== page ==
Tuttle’s map depicts the United States to 24 degrees west of Washington, including parts of the territory just west of the Missouri River and of the Republic of Texas. The cartographic prototype is unknown, though the map does bear some resemblance to Tanner’s 1829 map of the United States. As a concession to the challenge of printing on linen Tuttle has simplified the geography to emphasize only the most important rivers and towns.
At the base are two interesting charts depicting the lengths and heights respectively of the nation’s major rivers and mountains. The visual appeal of the image is greatly enhanced by the delicate foliate border and the full printed color. This map was also issued in an uncolored variant printed in sepia, held for example in the Rumsey Collection.
The map appeared in a number of variants. Some four-color examples bear the additional imprint “Printed and published by Joseph W. Tuttle & Company,” though in at least some cases the “& Company” is crossed out in ink. Tuttle was a Boston map engraver active in the second quarter of the 19thcentury, though Stauffer’s American Engravers mentions him only in the context of the partnership of Morse & Tuttle, established in the 1830s. That partnership must have been dissolved by 1841, when this map was issued.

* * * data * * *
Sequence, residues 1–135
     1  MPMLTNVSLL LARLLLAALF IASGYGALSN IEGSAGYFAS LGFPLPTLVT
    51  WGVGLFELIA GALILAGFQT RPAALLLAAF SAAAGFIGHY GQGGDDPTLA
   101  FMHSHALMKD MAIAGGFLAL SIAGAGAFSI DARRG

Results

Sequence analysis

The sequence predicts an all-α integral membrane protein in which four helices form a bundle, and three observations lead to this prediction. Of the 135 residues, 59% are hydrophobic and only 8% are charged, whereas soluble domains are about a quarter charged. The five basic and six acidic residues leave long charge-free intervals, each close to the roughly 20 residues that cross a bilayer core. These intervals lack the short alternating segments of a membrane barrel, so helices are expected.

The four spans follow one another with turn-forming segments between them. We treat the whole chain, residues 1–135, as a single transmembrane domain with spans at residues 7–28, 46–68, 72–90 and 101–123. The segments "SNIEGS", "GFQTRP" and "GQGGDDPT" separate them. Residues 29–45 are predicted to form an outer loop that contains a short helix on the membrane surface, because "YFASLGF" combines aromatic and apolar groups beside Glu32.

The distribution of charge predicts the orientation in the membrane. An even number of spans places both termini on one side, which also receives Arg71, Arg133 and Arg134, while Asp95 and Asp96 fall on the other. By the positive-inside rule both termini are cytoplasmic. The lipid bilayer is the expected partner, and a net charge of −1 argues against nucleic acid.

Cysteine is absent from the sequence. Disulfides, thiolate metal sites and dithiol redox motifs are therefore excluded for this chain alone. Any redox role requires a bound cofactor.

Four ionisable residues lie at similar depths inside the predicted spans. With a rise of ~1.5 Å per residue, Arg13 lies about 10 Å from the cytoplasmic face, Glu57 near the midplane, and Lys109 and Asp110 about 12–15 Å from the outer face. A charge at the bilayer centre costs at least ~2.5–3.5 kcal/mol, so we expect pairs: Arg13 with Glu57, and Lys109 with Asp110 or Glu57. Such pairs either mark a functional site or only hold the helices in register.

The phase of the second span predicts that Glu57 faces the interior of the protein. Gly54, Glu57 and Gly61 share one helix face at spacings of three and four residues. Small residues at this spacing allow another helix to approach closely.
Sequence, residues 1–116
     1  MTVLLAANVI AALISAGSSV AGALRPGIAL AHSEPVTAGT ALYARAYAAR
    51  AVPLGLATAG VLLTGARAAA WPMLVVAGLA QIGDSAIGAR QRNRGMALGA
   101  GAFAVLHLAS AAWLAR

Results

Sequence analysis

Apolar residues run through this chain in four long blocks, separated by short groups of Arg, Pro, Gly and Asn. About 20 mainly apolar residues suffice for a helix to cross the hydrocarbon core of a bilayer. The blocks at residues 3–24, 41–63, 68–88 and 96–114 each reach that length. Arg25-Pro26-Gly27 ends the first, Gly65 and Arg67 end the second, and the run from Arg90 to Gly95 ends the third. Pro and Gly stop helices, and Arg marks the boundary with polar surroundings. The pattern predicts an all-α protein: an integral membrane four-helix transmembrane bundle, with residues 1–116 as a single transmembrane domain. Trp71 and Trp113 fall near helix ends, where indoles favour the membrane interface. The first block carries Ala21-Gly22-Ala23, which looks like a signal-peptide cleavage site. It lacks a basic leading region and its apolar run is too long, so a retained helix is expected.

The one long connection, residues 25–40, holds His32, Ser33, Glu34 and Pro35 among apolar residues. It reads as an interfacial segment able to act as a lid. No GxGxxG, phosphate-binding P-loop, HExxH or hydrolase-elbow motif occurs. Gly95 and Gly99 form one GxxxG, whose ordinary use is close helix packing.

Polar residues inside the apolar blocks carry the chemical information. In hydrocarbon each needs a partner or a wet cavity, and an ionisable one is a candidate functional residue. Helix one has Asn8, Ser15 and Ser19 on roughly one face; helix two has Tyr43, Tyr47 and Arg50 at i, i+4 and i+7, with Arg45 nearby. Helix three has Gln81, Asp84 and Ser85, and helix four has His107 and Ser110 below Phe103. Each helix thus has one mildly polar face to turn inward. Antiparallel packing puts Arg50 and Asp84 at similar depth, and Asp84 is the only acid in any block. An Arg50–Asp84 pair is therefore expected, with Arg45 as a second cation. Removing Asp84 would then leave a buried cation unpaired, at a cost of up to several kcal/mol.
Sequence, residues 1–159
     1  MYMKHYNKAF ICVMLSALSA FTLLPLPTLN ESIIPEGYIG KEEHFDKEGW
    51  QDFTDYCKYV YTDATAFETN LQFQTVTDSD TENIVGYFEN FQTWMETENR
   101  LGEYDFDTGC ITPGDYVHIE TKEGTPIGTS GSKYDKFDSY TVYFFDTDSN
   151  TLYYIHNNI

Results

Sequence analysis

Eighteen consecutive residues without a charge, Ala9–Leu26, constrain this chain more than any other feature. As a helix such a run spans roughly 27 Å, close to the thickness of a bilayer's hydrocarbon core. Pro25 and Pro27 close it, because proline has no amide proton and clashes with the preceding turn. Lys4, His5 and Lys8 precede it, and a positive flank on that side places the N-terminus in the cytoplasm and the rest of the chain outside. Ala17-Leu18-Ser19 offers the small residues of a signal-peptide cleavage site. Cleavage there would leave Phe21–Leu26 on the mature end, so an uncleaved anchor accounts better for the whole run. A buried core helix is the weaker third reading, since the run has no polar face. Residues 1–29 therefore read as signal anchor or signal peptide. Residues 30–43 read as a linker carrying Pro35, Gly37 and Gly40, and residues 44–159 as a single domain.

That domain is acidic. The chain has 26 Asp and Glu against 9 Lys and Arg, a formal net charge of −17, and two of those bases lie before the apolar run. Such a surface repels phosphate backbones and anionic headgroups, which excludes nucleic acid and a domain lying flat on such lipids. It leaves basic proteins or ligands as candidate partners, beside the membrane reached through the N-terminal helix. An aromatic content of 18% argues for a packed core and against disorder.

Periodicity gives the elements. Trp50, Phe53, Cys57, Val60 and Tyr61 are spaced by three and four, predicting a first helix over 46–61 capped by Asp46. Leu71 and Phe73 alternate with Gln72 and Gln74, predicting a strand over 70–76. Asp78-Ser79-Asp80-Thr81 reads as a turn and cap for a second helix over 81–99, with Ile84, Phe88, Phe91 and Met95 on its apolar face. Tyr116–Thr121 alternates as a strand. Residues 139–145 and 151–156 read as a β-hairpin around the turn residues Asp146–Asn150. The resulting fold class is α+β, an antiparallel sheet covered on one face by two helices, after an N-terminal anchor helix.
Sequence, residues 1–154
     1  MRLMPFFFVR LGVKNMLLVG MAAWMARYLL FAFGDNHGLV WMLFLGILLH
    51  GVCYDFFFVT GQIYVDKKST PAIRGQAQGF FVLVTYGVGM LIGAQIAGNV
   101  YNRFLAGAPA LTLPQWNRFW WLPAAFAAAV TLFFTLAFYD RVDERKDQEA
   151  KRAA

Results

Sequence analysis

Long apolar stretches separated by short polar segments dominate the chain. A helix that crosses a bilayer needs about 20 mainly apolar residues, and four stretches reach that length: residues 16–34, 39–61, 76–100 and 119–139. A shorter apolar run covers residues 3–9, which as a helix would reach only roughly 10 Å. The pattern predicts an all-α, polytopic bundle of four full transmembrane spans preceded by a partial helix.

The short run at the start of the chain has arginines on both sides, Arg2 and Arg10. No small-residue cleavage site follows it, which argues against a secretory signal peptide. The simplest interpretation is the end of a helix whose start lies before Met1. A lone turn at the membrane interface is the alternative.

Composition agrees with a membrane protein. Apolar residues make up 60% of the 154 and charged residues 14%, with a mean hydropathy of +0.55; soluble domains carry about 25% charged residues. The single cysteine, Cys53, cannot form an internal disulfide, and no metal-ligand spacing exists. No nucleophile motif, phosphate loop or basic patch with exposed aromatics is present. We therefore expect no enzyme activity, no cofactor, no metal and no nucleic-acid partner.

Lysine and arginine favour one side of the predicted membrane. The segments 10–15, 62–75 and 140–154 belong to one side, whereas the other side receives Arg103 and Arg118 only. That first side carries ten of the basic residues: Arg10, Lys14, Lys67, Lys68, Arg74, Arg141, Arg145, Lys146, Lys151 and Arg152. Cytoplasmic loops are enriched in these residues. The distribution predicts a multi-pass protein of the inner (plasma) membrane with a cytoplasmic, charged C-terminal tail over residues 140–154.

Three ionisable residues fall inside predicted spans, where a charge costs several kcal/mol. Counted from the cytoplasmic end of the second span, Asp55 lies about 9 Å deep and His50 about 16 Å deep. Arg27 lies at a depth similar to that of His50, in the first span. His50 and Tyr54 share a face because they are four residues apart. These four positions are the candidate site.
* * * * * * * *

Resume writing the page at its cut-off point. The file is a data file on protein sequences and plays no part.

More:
There are also versions bearing the Tuttle imprint but printed in one color, either black (Threads of History, #153) or sepia (Rumsey #2955).
The textile was advertised in the Boston Daily Atlas for May 25, 1841:
“We found upon our table yesterday an entire new article for pocket handkerchiefs, an exact and accurate copy of the map of the United States, printed in permanent color upon white silk. It makes a neat and splendid handkerchief, and must be at the same time exceedingly useful and convenient for reference, the color being entirely fast. It is printed and published by Joseph W. Tuttle, and was engraved by Mr Geo. W. Boynton, who is entitled to great credit for the taste and skill displayed in the work. The goods are for sale by the package or piece, by William G. Eaton, 36 Kilby street.” (page 2)
I have found but one appearance of this ad, which seems consistent with the rarity of the item.
Rumsey #2955 (sepia, Tuttle imprint). Threads of History, #152 (with #153 being the Tuttle variant in black only). As of March 2019 OCLC has other examples of our color-printed variant at #36187918 (Boston Public-Leventhal Map Center, Kentucky Historical Society, and Library of Congress) and 37651857 (Library of Congress again, but with slightly different dimensions). The uncolored variant is listed at OCLC #953568550 (Stanford-Rumsey only).